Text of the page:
Tuesday, June 24, 2014

99% of Marketing Spending is Wasted

John Wannamaker is credited with saying "50% of the advertising spending is wasted - the problem is I do not know which half".  But he was wrong.  99% or even more of the advertising $ that are spent are wasted but the 1% more than pays for the advertising.

The Atlantic printed an article that basically says internet advertising does not work.  See the article here.  They used examples of people searching for a product who already had decided what to buy.  I agree, this is a high % of the people.  What they did not use as examples of people who had non-buying intent but were good targets.

For example, if I type buy Nike shoes - I have likely decided to buy Nike's.  If I Google good running shoes, I am open to suggestions.  Or if I Google 10K races, I am also likely a buyer.  And advertisers use retargeting so I may get a running shoe ad the next day when I am searching something completely different.

I wrote an article a while ago on "The Fallacy of ROI on Marketing" and reused the concept in my book "Zero to $2 Billion - The Marketing and Branding Story Behind the Growth".  The gist of it is - consumers buy for a variety of reasons.  It might be because they saw the billboard or the truck or the Superbowl ad or the internet ad.  It is rarely just one impression - it is the "accumulation" effect.

Marketing success really is about math but you never know some of the variables.  In its simplest.  Spend $1,000 that is viewed (or presented) to 1,000 people and get 100 leads that turn into 3 buyers that generate $500 in margin each and you have a profitable business that can scale.   In this example, only 3 people in the 1,000 bought so it could be argued that 99.7% of the advertising spend was wasted.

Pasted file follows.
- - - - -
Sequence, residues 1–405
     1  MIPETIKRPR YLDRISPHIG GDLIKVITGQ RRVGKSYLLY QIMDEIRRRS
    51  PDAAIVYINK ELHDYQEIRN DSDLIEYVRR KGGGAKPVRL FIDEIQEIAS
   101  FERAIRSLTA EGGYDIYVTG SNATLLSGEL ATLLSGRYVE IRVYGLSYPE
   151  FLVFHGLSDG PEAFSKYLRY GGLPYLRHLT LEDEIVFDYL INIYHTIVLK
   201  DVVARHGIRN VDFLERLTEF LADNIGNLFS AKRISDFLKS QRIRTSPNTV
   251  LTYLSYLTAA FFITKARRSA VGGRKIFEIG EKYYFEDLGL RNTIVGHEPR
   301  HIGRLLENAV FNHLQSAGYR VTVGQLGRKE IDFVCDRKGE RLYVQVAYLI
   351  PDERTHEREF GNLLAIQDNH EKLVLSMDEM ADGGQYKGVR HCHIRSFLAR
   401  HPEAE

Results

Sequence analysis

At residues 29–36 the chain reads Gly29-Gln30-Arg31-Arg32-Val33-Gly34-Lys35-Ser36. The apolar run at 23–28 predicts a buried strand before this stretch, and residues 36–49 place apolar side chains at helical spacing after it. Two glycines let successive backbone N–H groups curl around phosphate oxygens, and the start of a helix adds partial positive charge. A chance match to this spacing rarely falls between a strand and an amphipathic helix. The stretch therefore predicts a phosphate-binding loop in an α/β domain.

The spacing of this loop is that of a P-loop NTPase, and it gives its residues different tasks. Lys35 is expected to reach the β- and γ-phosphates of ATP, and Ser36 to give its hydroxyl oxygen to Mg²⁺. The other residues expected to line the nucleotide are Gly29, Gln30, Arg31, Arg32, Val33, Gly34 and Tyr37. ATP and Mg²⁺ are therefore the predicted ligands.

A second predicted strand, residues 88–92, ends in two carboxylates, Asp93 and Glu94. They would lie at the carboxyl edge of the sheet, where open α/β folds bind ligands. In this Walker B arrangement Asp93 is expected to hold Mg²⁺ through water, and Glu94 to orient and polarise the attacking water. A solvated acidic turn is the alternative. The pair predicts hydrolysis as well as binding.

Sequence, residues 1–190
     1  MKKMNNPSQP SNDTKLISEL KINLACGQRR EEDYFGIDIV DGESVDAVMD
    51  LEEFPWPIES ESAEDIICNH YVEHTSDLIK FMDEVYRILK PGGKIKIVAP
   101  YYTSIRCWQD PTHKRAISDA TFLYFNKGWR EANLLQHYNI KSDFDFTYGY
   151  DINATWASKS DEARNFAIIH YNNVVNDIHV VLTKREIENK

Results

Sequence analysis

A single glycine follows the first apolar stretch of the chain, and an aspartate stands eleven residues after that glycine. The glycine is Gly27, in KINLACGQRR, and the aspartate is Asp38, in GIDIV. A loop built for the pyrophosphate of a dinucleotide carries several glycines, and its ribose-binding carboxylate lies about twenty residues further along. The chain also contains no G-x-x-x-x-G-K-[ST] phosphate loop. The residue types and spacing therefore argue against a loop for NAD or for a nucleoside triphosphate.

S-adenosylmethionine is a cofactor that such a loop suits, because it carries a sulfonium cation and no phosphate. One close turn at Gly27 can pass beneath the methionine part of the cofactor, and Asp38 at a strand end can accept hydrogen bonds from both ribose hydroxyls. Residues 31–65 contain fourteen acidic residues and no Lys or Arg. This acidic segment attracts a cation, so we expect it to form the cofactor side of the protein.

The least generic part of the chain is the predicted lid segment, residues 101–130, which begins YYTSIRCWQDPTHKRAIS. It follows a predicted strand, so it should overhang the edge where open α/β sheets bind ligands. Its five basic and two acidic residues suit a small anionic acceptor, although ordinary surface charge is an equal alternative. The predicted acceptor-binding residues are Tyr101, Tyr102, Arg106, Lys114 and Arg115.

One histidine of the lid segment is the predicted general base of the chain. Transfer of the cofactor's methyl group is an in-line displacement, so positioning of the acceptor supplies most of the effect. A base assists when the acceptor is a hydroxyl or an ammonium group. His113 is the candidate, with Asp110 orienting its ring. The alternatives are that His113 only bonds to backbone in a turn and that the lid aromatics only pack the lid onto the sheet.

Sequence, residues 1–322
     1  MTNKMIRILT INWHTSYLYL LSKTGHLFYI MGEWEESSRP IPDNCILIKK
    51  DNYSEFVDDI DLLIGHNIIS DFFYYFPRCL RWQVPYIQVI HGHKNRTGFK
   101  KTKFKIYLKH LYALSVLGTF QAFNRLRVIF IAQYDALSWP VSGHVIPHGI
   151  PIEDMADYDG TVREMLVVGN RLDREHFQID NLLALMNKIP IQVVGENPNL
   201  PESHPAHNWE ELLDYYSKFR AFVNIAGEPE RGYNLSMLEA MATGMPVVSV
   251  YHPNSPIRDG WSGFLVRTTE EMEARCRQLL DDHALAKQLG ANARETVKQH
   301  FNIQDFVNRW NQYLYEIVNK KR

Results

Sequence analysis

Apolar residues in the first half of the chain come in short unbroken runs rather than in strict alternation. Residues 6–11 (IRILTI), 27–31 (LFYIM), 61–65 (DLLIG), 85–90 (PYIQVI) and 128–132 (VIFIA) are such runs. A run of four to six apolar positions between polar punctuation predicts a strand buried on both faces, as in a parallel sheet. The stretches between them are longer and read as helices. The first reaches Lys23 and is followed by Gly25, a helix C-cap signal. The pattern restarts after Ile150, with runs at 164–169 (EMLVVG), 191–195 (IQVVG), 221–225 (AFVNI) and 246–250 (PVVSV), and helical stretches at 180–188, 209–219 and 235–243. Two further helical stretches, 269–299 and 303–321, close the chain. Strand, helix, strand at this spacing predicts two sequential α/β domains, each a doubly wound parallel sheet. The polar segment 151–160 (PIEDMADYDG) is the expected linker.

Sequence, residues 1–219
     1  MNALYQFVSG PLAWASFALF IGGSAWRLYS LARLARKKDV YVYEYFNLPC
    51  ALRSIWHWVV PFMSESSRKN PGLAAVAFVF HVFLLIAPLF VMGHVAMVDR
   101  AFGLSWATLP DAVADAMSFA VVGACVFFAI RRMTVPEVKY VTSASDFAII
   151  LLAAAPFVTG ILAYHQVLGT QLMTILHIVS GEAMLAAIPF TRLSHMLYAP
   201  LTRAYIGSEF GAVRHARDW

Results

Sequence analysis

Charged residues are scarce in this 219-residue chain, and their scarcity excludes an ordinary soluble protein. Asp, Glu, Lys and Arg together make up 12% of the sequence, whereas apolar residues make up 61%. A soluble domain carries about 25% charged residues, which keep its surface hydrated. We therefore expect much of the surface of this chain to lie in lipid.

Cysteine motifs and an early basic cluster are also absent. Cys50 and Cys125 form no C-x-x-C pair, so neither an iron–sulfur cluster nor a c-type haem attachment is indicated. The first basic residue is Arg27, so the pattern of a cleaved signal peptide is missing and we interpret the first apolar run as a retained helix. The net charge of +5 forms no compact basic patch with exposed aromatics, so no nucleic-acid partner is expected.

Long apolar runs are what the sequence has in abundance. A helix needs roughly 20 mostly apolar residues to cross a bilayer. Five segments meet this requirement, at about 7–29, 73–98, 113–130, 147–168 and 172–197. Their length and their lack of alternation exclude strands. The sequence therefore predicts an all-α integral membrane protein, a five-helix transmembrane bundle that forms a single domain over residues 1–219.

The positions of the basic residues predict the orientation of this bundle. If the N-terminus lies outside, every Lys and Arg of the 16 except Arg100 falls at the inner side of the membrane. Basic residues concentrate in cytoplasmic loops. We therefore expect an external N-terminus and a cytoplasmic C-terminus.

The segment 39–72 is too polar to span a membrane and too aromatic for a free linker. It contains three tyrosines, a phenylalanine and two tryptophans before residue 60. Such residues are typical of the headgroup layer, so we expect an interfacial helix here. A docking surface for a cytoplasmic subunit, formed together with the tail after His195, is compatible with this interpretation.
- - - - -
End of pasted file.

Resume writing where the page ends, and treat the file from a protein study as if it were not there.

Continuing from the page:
Marketing is a bit like sales as far as success rates goes.   Great sales people have abysmal closing rates.  Many sales people can make good money for themselves and their companies by only closing 1 in 10 or 1 in 15 prospects.  It is about numbers.

And speaking of advertising, there is an interesting blog post on deception in advertising that has a cute infographic (now you see why I try to avoid fast food)


There is another interesting article in the Atlantic that says that people lie about what they read.  They do not really want hard news.  What they really watch is sports and entertainment.  I can sort of see this.  People want to be thought of as being thoughtful and informed and would not want everyone to know they follow more shallow topics mostly.

And in keeping with the Time Management theme.  This is an article on 40 ways to stop procrastinating.   I am concerned that posting the link will reduce my blog readership though.

And a shout out for one of my investments that made Profit Magazines fastest growing companies (#54) - Iotum (they do freeconference.com)


At 2:59 PM, Anonymous Anonymous said...

I have to agree with you Jim, and add that is why referral selling is so powerful. It's the business I'm in. My customers like the service I've delivered so well that they refer a friend of two.


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